Oil and gas in our lives – Canadian plastics

Polypropylene and polyethylene: more than a tongue twister, these hydrocarbon-based products enable our modern way of life

By Brittany Elves

Look around the room, how many of these items do you see right now? How many have you used today? How many have you used in the last six months? Your lifetime? 

The list goes on. 

The Chemistry Industry Association of Canada estimates 70,000 products used by Canadians every day are made from plastics. These items are made from polyethylene or polypropylene, the most common types of plastic, and both are produced in Canada. 

Canadian producers of these plastics have set goals to make this $85 billion industry a circular economy by advancing technologies to allow for 100 per cent of plastic packaging to be recoverable and recyclable by 2030.

What is Polyethylene? 

Polyethylene is a thermoplastic product, meaning it can be melted down to liquid then cooled back to a solid, many times over – a characteristic of its high rate of recyclability.  

Polyethylene pellets. Getty Images photo

The ethene molecule, a basic building block of polyethylene, is found in natural gas and produced during the crude oil refining process. Ethene gas is either compressed or catalyzed and the reaction results in a polymer that is cut into pellet form. 

These plastic pellets are bagged and distributed to customers where they will be melted and processed into the products we know and love.  

The Dow Chemical Company recently announced its plan to build the world’s first net-zero carbon emissions ethylene and derivatives complex in Alberta. Off-gas emitted by the plant will be converted into hydrogen as a clean fuel for the production process, and carbon dioxide resulting from production will be captured onsite and transported to third party infrastructure to be stored deep underground.  

Dow’s Fort Saskatchewan site has been selected for this retrofitting initiative due to the availability of carbon capture infrastructure, access to competitive feedstocks, and government partnerships. The investment will triple the plant’s polyethylene capacity and advance Dow’s commitment to a 30 per cent reduction in carbon emissions by 2030.  

What is Polypropylene?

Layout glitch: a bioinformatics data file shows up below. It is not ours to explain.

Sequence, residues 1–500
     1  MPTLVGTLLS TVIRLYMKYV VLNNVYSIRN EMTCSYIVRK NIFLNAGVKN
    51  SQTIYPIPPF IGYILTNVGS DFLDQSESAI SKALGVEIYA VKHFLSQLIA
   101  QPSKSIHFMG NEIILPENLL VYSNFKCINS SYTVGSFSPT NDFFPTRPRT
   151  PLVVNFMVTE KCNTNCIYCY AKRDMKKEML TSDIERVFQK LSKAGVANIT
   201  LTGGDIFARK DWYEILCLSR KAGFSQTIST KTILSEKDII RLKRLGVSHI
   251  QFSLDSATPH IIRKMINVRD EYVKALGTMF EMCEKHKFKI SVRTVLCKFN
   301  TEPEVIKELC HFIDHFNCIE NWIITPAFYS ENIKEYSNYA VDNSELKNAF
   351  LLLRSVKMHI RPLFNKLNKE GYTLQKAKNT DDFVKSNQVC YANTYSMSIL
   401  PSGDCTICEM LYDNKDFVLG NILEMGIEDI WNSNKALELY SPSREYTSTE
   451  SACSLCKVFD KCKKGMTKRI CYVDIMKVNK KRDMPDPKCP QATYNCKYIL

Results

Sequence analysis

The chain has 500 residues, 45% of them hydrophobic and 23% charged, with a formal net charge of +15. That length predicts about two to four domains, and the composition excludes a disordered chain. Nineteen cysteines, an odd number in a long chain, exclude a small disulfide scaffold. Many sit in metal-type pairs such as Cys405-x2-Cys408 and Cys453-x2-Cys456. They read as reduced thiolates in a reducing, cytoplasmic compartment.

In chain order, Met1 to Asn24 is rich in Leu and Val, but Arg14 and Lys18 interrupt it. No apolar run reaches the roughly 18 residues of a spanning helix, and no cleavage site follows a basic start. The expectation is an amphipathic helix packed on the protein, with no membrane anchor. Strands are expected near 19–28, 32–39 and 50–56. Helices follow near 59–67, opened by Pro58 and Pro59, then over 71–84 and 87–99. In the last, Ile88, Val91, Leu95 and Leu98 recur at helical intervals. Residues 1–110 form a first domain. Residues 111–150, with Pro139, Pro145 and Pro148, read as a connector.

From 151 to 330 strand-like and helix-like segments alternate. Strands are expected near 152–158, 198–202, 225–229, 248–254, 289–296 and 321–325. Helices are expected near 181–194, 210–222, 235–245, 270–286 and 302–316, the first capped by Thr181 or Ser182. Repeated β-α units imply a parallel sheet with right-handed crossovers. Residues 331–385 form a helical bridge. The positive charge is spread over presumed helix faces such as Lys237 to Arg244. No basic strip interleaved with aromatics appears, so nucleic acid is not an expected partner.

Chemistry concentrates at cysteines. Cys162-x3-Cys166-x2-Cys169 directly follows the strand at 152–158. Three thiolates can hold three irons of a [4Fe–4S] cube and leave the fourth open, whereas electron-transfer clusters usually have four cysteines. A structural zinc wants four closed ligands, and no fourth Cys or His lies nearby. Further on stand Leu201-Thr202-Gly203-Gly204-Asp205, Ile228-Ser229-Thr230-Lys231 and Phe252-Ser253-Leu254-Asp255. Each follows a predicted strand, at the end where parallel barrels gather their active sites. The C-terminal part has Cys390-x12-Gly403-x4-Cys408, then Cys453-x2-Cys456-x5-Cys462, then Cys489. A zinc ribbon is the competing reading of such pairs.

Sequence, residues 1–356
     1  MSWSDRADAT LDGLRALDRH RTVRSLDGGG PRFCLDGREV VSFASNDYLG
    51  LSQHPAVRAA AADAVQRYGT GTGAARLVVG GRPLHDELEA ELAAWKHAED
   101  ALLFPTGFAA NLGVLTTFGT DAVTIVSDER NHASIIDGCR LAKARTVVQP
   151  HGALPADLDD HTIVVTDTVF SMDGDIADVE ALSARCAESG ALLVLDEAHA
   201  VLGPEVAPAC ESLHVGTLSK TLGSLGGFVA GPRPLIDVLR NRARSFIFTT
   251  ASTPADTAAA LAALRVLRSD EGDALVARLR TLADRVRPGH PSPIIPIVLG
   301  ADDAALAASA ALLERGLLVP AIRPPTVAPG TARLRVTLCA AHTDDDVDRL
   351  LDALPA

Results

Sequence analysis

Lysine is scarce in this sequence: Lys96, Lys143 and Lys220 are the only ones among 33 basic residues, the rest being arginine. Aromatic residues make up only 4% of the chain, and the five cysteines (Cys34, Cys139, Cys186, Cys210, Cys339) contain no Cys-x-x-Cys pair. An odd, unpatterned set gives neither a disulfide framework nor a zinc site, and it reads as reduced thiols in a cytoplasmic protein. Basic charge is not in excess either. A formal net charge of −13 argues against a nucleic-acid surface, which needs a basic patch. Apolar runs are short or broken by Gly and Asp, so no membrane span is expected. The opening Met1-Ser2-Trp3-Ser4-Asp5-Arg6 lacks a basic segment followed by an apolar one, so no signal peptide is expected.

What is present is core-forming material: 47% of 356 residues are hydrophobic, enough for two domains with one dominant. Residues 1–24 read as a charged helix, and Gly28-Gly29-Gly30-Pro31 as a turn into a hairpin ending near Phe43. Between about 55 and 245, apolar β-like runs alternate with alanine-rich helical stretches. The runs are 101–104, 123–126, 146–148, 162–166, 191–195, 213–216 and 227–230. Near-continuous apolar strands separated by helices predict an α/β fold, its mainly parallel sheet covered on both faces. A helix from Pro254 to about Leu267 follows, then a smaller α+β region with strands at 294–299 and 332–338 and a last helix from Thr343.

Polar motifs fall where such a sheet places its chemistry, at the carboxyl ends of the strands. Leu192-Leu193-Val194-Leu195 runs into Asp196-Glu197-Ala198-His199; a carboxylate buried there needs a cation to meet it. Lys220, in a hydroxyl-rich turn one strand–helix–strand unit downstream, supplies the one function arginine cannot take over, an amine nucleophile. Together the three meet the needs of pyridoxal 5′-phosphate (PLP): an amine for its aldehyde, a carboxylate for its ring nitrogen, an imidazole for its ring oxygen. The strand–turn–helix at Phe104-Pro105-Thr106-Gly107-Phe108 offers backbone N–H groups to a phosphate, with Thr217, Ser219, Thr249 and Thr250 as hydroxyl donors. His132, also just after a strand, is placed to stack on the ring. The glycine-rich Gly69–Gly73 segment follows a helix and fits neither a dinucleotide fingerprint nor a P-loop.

Like polyethylene, polypropylene is a linear hydrocarbon polymer obtained from refining petroleum, but it has a lower density and higher softening point, making it highly versatile. 

Once a byproduct of polyethylene, polypropylene is now one of the fastest growing polymers.  

Inter Pipeline Ltd.’s $4.2 billion Heartland Petrochemical Complex (HPC) near Edmonton is designed to convert locally sourced, low-cost propane into 525,000 tonnes per year of polypropylene.  

Expected to be in operation by early 2022, HPC will use advanced technology and on-site hydrogen power to produce polypropylene with a greenhouse gas emissions footprint 65 per cent lower than the global average.  

The future of Canadian plastics and recycling 

According to McKinsey & Company, plastic consumer products and packaging saw the largest increase in global petrochemical demand in 2020, with polyethylene at over 100 million metric tonnes and polypropylene at over 75 million metric tonnes.    

Canada’s plastics industry is committed to solving the plastic waste problem and has set a goal to make 100 per cent of plastic packaging recyclable of recoverable by 2030. 

The production of highly recyclable plastics such as polyethylene is imperative to meeting this goal.  

Through innovation and technology, the petrochemical industry is transitioning towards a “circular economy” where materials are reused and recycled in a closed and sustainable loop.  

The unaltered reproduction of this content is free of charge with attribution to Canadian Energy Centre Ltd.